Obama's cold calculation on global warming

Hundreds of existing coal-burning plants could be shut down under expected EPA rules aimed at curbing climate change. But such action must be accompanied by Obama appealing directly to people in coal-dependent states who would be making the big sacrifices.

Southern Company's Plant Bowen in Cartersville, Georgia is seen in this 2007 aerial photograph.

As president, Barack Obama has never visited North Dakota. Does that matter? Yes, if he now acts to effectively shut down hundreds of coal-burning power plants, a regulatory move that officials say is only days away.

In 2010, North Dakota generated 82 percent of its electricity from coal. Many other states, from Wyoming to Kentucky, rely heavily on coal for either energy or jobs. In 15 states, at least half of the power comes from coal. To be sure, they are among the worst contributors to global warming.

Yet people in these states would be forced to make the largest personal sacrifice in Mr. Obama’s plan to dethrone “king coal” and help the United States be a leader in curbing climate change.

The president should now visit those places heavily dependent on coal and try better persuasion. This would be smart politics to avoid the blocking tactics of both Democratic and Republican leaders from those states. But it would also address on a personal level the fact that Americans in general remain resistant to the sacrifices needed for drastic reductions in greenhouse-gas emissions.

Five years ago, for example, 48 percent of Americans said their personal actions on energy use would significantly reduce their contribution to global warming; that figure has since dropped to 31 percent, according to the latest survey by Yale and George Mason universities.

Such trends show Obama has work to do. And those states most dependent on fossil fuels are most in need of being convinced of their common bond to the rest of humanity and to future generations. Environmental action relies more on individuals than government to see themselves in a wider, even global community and accept the discipline and sacrifice needed to protect the planet.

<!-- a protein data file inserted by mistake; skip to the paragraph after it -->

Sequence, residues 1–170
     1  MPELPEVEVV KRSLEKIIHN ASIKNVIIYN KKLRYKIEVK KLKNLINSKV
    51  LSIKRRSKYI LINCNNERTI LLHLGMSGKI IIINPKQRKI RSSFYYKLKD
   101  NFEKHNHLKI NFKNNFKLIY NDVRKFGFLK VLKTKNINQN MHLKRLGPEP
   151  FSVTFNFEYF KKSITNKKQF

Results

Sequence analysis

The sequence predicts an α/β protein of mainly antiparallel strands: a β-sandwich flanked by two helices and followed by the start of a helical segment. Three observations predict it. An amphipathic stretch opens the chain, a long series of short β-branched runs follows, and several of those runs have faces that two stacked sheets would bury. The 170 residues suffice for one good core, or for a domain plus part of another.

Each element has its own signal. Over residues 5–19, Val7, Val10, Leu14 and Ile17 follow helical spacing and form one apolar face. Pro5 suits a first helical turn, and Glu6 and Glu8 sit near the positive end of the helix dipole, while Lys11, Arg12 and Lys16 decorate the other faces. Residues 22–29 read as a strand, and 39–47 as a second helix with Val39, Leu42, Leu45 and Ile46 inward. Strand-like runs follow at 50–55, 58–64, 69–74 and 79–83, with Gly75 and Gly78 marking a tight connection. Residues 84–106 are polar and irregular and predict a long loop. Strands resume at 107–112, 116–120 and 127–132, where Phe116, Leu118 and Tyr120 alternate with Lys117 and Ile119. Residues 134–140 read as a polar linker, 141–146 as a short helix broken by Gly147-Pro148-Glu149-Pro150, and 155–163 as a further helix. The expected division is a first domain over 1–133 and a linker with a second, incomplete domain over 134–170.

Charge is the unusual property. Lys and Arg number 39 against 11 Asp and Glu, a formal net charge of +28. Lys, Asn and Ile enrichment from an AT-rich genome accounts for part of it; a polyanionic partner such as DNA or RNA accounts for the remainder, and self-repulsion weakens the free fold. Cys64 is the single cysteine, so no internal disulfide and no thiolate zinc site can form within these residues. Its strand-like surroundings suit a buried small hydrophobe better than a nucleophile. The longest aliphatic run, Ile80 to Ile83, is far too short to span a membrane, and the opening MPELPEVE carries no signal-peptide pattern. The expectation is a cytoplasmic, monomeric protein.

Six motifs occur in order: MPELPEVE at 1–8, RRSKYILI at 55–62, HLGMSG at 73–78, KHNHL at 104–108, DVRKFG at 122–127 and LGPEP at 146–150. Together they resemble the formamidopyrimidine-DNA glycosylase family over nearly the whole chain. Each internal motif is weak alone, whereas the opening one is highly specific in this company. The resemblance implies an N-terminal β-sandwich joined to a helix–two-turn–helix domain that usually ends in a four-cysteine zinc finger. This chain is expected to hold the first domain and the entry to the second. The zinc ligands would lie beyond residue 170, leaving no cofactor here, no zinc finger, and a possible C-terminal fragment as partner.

That may sound a bit corny, but the main tactic of climate-change activists – stoking fear – hasn’t worked very well over the past quarter century. And appeals that rely on scientific predictions of temperature increases and to economic self-interest have also shown their limits.

Obama blames Congress for not requiring the existing coal plants to end carbon emissions into the atmosphere – a requirement that is unfeasible with current commercial technology. He has long threatened to take executive action. Indeed White House officials said this week the Environmental Protection Agency (EPA) will soon issue regulations on existing plants.

Such tough emission rules will probably face a long battle in the courts with suits filed by coal-dependent states – whether their governors are Democratic or Republican. Kansas, Montana, and West Virginia have already advised the Supreme Court that the EPA is abusing its authority under the Clean Air Act.

Heather Zichal, the White House coordinator for energy and climate change, says Obama has made action on climate change a “legacy issue” for his second term. If so, he needs to do more than give speeches on global warming in Washington or, as he did this week, in Berlin.

“Peace with justice means refusing to condemn our children to a harsher, less hospitable planet,” he told the Germans. Now he needs to look North Dakotans in the eye and convince them of the need for heart-felt responsibility – and sacrifice – for the rest of the world.

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